The biggest disappointment for me, though, was Abe, who was given a chance to shine in central midfield in the absence of Endo and Hasebe.

Unfortunately, even Abe fell foul of the nonsense football that continues to plague Japan, as he gave the ball away carelessly in midfield with an attempted flick to a defender; way too casual, and an error that would have been punished by a better team.

Abe is a much better player than that, and although he tried to make amends with some good defensive work, the damage had been done and he was withdrawn before the hour.

Overall I thought Hashimoto was Japan's best player; he was busy, business-like and tidy, which was enough on the night to overshadow most of his teammates.

Having scored so early, through an own goal, Japan thought they could cruise, and a misplaced arrogance crept into their game. This is not nice to watch, and they should remember where they are in the world and where they are trying to go.

A sound defeat at the hands of Australia might be just what they need to bring them back to earth after qualification, and refocus them on the incredibly difficult challenges that lie ahead.


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Semi-final talk can wait

11 Jun 2009(Thu)

June 8, 2009: Semi-finals in South Africa?

For the moment I'm not even thinking about that (and I wish Takeshi Okada would stop talking about it), especially as we don't even know the formation of the groups; and will not do so for six more months.

No, I am thinking about the first time Okada was in charge, when he pulled off his salvage job in the autumn of 1997.

Remember the crowd trouble at Kokuritsu after the 1-1 draw with UAE?

The fans were going crazy, throwing chairs and other debris outside the main gates of the National Stadium when it looked like Japan might miss out on a place in France 98 and have the dubious distinction of co-hosting 2002 without having played in a previous World Cup.

How embarrassing would that have been, and how much damage would it have caused to the game in general in Japan?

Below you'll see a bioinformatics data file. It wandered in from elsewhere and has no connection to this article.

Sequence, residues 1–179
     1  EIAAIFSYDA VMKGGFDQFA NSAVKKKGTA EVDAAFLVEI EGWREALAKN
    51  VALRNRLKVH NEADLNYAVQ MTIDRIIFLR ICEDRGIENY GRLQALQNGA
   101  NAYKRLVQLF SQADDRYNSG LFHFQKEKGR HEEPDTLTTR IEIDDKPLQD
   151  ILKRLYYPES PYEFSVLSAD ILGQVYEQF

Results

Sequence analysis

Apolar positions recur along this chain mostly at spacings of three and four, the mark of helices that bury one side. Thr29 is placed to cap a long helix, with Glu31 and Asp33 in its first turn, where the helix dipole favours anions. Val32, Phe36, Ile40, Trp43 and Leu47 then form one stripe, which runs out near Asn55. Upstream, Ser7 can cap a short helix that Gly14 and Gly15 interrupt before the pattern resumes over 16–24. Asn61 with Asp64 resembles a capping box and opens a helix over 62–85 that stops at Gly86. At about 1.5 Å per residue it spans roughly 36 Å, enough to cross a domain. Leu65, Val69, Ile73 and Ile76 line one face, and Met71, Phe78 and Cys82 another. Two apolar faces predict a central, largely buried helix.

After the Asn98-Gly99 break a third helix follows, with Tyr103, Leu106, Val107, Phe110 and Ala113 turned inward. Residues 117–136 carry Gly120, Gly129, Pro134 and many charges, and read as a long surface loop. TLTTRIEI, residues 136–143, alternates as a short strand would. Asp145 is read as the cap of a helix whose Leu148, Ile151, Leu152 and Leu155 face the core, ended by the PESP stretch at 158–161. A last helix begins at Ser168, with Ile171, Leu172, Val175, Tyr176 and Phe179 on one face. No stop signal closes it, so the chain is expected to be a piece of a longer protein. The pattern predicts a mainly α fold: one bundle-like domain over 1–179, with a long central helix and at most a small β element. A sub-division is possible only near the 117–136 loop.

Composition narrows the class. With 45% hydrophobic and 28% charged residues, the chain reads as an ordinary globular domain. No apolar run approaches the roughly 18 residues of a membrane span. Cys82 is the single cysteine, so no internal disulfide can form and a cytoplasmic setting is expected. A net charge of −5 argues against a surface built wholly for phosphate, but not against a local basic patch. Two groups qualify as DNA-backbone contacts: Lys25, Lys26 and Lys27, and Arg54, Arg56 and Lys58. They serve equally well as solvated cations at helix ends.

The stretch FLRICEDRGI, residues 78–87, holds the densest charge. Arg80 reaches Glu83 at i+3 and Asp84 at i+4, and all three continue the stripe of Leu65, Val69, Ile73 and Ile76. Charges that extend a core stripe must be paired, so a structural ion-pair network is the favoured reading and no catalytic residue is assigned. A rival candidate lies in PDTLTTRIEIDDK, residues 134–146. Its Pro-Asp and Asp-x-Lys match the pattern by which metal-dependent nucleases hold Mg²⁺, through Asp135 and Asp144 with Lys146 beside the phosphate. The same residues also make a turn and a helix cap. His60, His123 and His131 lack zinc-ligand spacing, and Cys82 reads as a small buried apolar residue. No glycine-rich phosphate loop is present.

Then came the unexpected win in Seoul, the thrashing of Kazakhstan at home and, of course, the magical night in Johor Bahru when a Hidetoshi Nakata-inspired Japan beat Iran 3-2 in the play-off to book their place after all.

Now, in Okada's second stint in charge, Japan have qualified with two games to spare; and this is enough to celebrate for the time being without any talk of semi-finals.

It proves how much Japan have improved in Asia, thanks mainly to the strength of the J.League; a fact all opposing coaches highlight in the aftermath of defeat.

I was chatting with Frode Johnsen the other day at Kashiwa Stadium, after his S-Pulse team had beaten Reysol in a Nabisco Cup group game, and he said S-Pulse had so many good players they could field two teams strong enough to play in J1.

This strength in depth at club level is providing a constant flow of players to the national team, and Okada has been able to build on this and infuse the talent from Europe to add more experience and toughen them up mentally and physically.

Qualification this time has been a breeze, admittedly helped by the weaker of the two groups and the absence of South Korea, Iran and Saudi Arabia in particular.

In 1997, Japan's opponents in their final qualifying group were South Korea, UAE, Uzbekistan and Kazakhstan, and only the top team advanced directly to France. Japan finished second so had to face Iran, whereas now Asia has the luxury of four automatic qualifiers plus half a place for the play-off with Oceania. And while qualification may appear easier now than in 1997, don't forget there was no Australia in the AFC in those days. That's a huge difference -- and why many in West Asia would love nothing more than to see the Aussies kicked back into Oceania.